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Statistical vs. identified lives in benefit-cost analysis

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  • James Hammitt

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  • Nicolas Treich

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Abstract

Evaluation of projects that affect mortality risk usually assumes that risk changes are small and similar across individuals. In reality, risks differ among individuals and information about risk heterogeneity determines the extent to which affected lives are “statistical” or “identified” and influences the outcome of benefit-cost analysis (BCA). The effects of information about risk heterogeneity on BCA depend on, inter alia, whether information concerns heterogeneity of baseline or change in risk and whether valuation uses compensating or equivalent variation. BCA does not systematically favor identified over statistical lives. We suggest some political factors that may explain the apparent public bias. Copyright Springer Science+Business Media, LLC 2007

Suggested Citation

  • James Hammitt & Nicolas Treich, 2007. "Statistical vs. identified lives in benefit-cost analysis," Journal of Risk and Uncertainty, Springer, vol. 35(1), pages 45-66, August.
  • Handle: RePEc:kap:jrisku:v:35:y:2007:i:1:p:45-66 DOI: 10.1007/s11166-007-9015-8
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    References listed on IDEAS

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    Citations

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    Cited by:

    1. Adler, Matthew D. & Hammitt, James K. & Treich, Nicolas, 2014. "The social value of mortality risk reduction: VSL versus the social welfare function approach," Journal of Health Economics, Elsevier, vol. 35(C), pages 82-93.
    2. Treich, Nicolas, 2010. "The value of a statistical life under ambiguity aversion," Journal of Environmental Economics and Management, Elsevier, vol. 59(1), pages 15-26, January.
    3. H. Spencer Banzhaf, 2014. "Retrospectives: The Cold-War Origins of the Value of Statistical Life," Journal of Economic Perspectives, American Economic Association, vol. 28(4), pages 213-226, Fall.
    4. Lisa A. Robinson & James K. Hammitt, 2013. "Behavioral economics and the conduct of benefit–cost analysis: towards principles and standards," Chapters,in: Principles and Standards for Benefit–Cost Analysis, chapter 10, pages 317-363 Edward Elgar Publishing.
    5. Henrik Andersson & Nicolas Treich, 2011. "The Value of a Statistical Life," Chapters,in: A Handbook of Transport Economics, chapter 17 Edward Elgar Publishing.
    6. Adler, Matthew & Hammitt, James & Treich, Nicolas, 2012. "The Social Value of Mortality Risk Reduction: VSL vs. the Social Welfare Function Approach," LERNA Working Papers 12.08.365, LERNA, University of Toulouse.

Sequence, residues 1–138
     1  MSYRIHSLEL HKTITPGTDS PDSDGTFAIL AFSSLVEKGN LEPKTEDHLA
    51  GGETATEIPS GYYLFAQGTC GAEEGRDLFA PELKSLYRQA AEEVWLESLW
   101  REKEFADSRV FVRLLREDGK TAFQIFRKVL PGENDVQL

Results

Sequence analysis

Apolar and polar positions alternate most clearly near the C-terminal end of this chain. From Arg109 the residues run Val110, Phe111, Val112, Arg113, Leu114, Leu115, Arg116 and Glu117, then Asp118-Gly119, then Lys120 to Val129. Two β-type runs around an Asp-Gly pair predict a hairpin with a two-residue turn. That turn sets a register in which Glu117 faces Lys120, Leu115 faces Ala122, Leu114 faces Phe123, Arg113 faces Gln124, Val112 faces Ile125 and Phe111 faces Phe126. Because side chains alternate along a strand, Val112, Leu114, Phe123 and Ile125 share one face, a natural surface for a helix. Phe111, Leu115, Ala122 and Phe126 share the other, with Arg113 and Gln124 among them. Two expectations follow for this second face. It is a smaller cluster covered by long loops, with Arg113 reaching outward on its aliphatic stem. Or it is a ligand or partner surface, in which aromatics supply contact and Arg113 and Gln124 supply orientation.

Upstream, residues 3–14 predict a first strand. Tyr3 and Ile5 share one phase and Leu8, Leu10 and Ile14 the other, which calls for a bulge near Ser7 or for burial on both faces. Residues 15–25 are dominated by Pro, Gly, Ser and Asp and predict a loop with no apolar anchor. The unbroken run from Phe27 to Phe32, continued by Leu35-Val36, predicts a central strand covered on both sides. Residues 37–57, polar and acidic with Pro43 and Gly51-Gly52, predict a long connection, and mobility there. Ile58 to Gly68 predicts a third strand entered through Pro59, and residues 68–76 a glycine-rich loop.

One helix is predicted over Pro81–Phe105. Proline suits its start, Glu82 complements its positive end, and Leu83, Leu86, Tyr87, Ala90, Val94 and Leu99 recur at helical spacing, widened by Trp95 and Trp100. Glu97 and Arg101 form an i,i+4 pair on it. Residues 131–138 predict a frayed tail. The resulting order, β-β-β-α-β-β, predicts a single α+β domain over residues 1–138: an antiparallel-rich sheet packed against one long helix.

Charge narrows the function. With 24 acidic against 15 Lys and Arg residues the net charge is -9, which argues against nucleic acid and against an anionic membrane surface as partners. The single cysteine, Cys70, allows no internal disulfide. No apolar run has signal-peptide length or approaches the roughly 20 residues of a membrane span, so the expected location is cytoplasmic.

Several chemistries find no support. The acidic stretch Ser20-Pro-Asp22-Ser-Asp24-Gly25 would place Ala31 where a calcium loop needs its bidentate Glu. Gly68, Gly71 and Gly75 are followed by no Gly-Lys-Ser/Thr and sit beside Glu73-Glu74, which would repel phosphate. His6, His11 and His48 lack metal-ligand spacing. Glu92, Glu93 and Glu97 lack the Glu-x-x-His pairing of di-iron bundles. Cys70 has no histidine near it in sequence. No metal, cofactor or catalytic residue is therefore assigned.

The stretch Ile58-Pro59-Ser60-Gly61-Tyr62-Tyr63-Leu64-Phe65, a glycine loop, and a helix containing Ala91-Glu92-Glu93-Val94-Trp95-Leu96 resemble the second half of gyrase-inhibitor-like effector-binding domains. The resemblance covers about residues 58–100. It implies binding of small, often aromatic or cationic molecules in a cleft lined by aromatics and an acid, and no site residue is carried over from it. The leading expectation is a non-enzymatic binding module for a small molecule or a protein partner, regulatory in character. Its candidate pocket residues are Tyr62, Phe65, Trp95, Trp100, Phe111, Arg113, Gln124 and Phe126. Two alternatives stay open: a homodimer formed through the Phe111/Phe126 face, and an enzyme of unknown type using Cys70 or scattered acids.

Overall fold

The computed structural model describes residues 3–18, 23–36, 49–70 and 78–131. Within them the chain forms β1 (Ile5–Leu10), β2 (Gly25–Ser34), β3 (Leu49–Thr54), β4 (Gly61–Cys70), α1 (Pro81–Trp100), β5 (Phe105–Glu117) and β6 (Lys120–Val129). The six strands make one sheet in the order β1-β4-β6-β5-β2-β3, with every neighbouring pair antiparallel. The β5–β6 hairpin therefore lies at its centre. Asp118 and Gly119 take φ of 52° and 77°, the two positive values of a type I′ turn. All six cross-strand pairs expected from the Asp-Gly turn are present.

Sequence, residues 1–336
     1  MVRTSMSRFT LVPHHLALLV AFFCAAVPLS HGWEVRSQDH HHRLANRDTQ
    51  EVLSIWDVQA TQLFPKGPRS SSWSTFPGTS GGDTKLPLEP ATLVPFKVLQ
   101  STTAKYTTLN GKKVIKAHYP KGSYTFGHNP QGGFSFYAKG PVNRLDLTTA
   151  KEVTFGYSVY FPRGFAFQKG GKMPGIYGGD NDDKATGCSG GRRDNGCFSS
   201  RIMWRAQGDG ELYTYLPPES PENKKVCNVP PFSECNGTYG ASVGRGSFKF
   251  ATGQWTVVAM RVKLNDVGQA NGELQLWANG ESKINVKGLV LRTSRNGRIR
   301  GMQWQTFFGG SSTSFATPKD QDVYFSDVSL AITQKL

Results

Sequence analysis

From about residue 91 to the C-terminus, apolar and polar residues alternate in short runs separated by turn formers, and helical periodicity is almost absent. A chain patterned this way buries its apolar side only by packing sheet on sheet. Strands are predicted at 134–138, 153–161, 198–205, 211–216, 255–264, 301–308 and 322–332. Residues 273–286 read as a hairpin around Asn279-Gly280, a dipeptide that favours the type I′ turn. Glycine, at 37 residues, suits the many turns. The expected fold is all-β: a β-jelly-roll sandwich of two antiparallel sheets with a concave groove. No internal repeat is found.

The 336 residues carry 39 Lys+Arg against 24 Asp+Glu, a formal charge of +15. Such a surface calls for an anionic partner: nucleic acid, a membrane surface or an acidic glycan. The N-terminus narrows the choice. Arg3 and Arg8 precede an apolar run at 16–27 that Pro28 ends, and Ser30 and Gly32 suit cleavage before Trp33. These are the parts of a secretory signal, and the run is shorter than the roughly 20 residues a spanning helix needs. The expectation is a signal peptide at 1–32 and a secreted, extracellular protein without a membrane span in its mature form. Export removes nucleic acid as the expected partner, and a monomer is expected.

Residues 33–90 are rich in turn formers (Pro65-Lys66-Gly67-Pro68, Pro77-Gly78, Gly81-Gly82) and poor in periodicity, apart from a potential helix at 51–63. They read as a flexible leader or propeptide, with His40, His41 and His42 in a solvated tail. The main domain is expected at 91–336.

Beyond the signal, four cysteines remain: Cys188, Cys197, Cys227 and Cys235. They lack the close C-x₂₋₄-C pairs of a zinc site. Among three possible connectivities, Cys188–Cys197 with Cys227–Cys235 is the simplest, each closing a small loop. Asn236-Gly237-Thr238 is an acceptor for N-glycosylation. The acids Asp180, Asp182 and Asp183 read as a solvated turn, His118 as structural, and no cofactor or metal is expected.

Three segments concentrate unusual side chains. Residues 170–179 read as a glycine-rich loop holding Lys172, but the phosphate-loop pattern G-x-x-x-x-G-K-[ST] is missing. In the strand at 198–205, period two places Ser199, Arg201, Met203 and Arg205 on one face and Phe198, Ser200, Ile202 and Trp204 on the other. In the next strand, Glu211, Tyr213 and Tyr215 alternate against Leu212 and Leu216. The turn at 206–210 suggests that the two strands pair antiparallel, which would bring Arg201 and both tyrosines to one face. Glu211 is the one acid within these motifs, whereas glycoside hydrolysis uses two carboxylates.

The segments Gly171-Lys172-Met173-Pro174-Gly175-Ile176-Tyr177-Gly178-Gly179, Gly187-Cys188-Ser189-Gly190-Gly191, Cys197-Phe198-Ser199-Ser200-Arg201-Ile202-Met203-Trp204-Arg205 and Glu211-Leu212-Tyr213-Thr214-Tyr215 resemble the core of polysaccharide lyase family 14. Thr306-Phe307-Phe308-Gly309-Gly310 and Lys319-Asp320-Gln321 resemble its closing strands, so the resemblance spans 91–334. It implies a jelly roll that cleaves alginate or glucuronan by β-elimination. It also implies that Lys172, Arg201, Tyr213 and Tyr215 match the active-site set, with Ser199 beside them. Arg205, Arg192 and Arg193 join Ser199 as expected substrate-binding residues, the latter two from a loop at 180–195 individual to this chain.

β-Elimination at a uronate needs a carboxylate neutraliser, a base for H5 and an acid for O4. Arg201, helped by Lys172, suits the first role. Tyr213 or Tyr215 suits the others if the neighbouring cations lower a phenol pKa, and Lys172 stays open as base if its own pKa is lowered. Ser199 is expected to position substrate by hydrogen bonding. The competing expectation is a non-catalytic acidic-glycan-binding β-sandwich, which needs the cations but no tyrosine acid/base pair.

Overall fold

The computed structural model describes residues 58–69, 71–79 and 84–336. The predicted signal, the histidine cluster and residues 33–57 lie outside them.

7. Henrik Andersson & Nicolas Treich, 2011. "The Value of a Statistical Life," Chapters,in: A Handbook of Transport Economics, chapter 17 Edward Elgar Publishing.
    8. Maureen Cropper & James K. Hammitt & Lisa A. Robinson, 2011. "Valuing Mortality Risk Reductions: Progress and Challenges," Annual Review of Resource Economics, Annual Reviews, vol. 3(1), pages 313-336, October.
    9. Christoph Rheinberger, 2011. "A Mixed Logit Approach to Study Preferences for Safety on Alpine Roads," Environmental & Resource Economics, Springer;European Association of Environmental and Resource Economists, vol. 49(1), pages 121-146, May.
    10. Mario Andres Fernandez & Douglas Shaw, 2013. "Willingness to pay for intervention policies related to HIV/AIDS: a theoretical framework with endogenous risk, perceived effectiveness and altruism," Economics Bulletin, AccessEcon, vol. 33(2), pages 1457-1467.
    11. Courard-Hauri David & Lauer Stephen A., 2012. "Taking "All Men Are Created Equal" Seriously: Toward a Metric for the Intergroup Comparison of Utility Functions Through Life Values," Journal of Benefit-Cost Analysis, De Gruyter, vol. 3(3), pages 1-30, August.
    12. repec:kap:jrisku:v:55:y:2017:i:1:d:10.1007_s11166-017-9265-z is not listed on IDEAS
    13. repec:kap:enreec:v:67:y:2017:i:3:d:10.1007_s10640-016-0033-3 is not listed on IDEAS
    14. Christoph M. Rheinberger & Nicolas Treich, 2017. "Attitudes Toward Catastrophe," Environmental & Resource Economics, Springer;European Association of Environmental and Resource Economists, pages 609-636.

    More about this item

    Keywords

    Benefit-cost analysis; Value of statistical life; Information; Heterogeneity; D61; D81; H42; I18;

    JEL classification:

    • D61 - Microeconomics - - Welfare Economics - - - Allocative Efficiency; Cost-Benefit Analysis
    • D81 - Microeconomics - - Information, Knowledge, and Uncertainty - - - Criteria for Decision-Making under Risk and Uncertainty
    • H42 - Public Economics - - Publicly Provided Goods - - - Publicly Provided Private Goods
    • I18 - Health, Education, and Welfare - - Health - - - Government Policy; Regulation; Public Health

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